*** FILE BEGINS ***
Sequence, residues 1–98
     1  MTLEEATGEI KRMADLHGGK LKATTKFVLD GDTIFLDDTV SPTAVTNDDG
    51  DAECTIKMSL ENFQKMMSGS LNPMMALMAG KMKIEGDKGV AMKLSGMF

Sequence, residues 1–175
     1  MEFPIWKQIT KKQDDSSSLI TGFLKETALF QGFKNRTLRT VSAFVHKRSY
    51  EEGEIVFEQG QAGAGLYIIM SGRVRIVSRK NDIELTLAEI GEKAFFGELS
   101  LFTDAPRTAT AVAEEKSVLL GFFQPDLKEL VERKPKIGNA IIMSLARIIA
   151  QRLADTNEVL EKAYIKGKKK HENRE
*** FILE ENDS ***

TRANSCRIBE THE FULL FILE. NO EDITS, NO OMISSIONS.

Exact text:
Sequence, residues 1–98
     1  MTLEEATGEI KRMADLHGGK LKATTKFVLD GDTIFLDDTV SPTAVTNDDG
    51  DAECTIKMSL ENFQKMMSGS LNPMMALMAG KMKIEGDKGV AMKLSGMF

Sequence, residues 1–175
     1  MEFPIWKQIT KKQDDSSSLI TGFLKETALF QGFKNRTLRT VSAFVHKRSY
    51  EEGEIVFEQG QAGAGLYIIM SGRVRIVSRK NDIELTLAEI GEKAFFGELS
   101  LFTDAPRTAT AVAEEKSVLL GFFQPDLKEL VERKPKIGNA IIMSLARIIA
   151  QRLADTNEVL EKAYIKGKKK HENRE